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When Greg Monroe was selected No. 7 overall in the 2010 NBA draft, we were told he had high basketball IQ, great instincts, plus decision making and unselfishness. Five years later, these all hold true, and it's been a joy to watch the pre-draft intangibles breed the tangible.
In five seasons, Moose has cultivated his skills and has developed into one of the premier big men in the NBA, one who is bound to get rewarded with a very lucrative contract this upcoming summer. He's achieved success with hard work, by maximizing his athleticism (yes, lazy journalists) and smartly putting a diligent focus on his strength.
If you look at Monroe's traditional stats, you might conclude he's having a fine season in line with his previous years in the league. A deeper look at the stats will tell you he's in fact having one of the best seasons of his career.
Offensively, Monroe's put an added focus on his inside game, almost completely abandoning anything outside the paint. Averaging 3.7 feet away from the basket on each shot, his lowest since his rookie season, Monroe's attempting 74 percent of his shots within five feet compared to 67 percent last year.
While he's not having a career year in TS% (55 percent) despite shooting closer to the rim and career highs at the free throw line, usage and predictability are up. Defenses know the ball is going to Monroe in the post, a lot, and yet they still can't stop him. Only six players in the NBA execute a higher number of their post ups. He's playing to his strength and it is his strength that makes him one of the more unstoppable players in the NBA.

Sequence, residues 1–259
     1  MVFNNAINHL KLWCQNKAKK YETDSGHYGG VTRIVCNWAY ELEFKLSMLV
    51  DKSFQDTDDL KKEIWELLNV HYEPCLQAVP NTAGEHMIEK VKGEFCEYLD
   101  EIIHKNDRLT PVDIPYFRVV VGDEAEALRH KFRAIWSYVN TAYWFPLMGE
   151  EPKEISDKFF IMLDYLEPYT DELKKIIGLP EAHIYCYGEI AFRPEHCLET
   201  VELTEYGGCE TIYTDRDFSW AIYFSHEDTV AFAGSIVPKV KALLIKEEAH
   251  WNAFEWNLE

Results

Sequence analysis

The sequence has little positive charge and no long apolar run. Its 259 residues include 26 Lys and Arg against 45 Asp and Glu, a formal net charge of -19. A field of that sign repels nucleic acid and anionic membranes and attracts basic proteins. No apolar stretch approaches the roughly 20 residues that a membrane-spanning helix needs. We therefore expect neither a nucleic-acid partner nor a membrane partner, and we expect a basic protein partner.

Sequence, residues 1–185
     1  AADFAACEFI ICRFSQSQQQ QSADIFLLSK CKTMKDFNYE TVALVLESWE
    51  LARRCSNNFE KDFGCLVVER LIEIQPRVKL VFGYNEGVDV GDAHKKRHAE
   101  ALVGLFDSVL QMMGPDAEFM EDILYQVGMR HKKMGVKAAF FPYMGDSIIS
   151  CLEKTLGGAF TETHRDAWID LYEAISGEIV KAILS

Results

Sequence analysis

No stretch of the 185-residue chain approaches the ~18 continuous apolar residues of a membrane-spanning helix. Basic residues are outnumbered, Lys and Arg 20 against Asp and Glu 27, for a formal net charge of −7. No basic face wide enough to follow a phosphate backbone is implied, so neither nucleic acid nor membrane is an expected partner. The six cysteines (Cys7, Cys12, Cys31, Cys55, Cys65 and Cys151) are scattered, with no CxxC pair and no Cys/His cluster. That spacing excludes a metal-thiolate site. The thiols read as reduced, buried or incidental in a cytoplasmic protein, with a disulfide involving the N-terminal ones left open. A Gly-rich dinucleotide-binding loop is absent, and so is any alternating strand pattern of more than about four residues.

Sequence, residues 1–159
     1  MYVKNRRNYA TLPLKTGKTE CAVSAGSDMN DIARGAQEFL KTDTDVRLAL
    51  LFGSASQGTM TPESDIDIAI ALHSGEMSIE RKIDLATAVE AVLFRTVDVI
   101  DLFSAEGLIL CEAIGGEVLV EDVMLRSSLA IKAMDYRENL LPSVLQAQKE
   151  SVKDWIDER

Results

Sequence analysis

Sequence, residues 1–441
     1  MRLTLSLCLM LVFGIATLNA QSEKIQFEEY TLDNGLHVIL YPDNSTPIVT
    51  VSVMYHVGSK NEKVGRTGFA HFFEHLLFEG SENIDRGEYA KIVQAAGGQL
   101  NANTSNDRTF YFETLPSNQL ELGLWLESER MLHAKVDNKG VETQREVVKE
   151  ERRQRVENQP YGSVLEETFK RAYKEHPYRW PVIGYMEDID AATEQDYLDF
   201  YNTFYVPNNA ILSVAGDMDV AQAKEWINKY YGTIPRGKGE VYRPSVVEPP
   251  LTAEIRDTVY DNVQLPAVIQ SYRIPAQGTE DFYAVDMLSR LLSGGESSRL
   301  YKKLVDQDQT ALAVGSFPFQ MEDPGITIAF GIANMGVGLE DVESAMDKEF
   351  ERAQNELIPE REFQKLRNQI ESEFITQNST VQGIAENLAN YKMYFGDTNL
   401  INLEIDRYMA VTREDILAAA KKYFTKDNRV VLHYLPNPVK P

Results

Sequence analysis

As for Monroe's defense, it's a fun area of his game to pick on for writers adhering to old narratives. For example, Rob Mahoney at SI.com cites Monroe's low blocks as to why Monroe's weak on defense. Yeah, he's not a "rim protector" and his block totals are at a career low (as are his steals). The traditional numbers don't tell the whole story, though. He's far from perfect, but Monroe's actually been one of the Pistons' best defenders this season.
What makes Monroe such an underrated defender are his smarts.
"I think Greg's actually pretty good defensively," Van Gundy said. "I've thought that all year. He's a very good low post defender, in my opinion. And he's a smart defender. He doesn't make a lot of mistakes [...] His mental approach and ability makes him a solid defender."
Very good low post defender? Yep. Monroe allows 0.78 points per possession in the low post, which is better than Anthony Davis, DeMarcus Cousins, DeAndre Jordan, Mason Plumlee, Joakim Noah and more. When he's not defending in the post, Monroe's using his brain to position himself so opponents are forced to take shots outside their sweet spots.
Overall, Monroe's Wins Produced per 48's at a career high and is tops on the team (and Top 40 in the NBA). The Georgetown product is a leader on the floor in knowledge and that has led to him being a leader in production with a style of play that is deliberate and has a great chance of standing the test of time a la Tim Duncan.
Monroe took what many believed and still believe to be a very big risk when he decided to accept the Pistons' qualifying offer this past offseason rather than sign a multi-year offer sheet with another team or an extension with the Pistons. Like everything he does on the floor, Monroe's calculated decision should prove to be a very fruitful one for him this summer.
What other Pistons player in the organization's history has displayed such intelligence and been so successful? You might be hard-pressed to recall any quite like the Professor Moose.